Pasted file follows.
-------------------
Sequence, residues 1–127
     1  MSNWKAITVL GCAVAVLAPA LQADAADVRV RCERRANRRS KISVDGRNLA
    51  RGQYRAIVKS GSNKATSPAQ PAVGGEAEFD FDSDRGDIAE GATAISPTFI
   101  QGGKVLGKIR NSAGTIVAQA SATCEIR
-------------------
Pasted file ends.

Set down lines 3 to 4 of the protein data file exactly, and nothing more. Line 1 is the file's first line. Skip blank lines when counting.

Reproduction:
    51  RGQYRAIVKS GSNKATSPAQ PAVGGEAEFD FDSDRGDIAE GATAISPTFI
   101  QGGKVLGKIR NSAGTIVAQA SATCEIR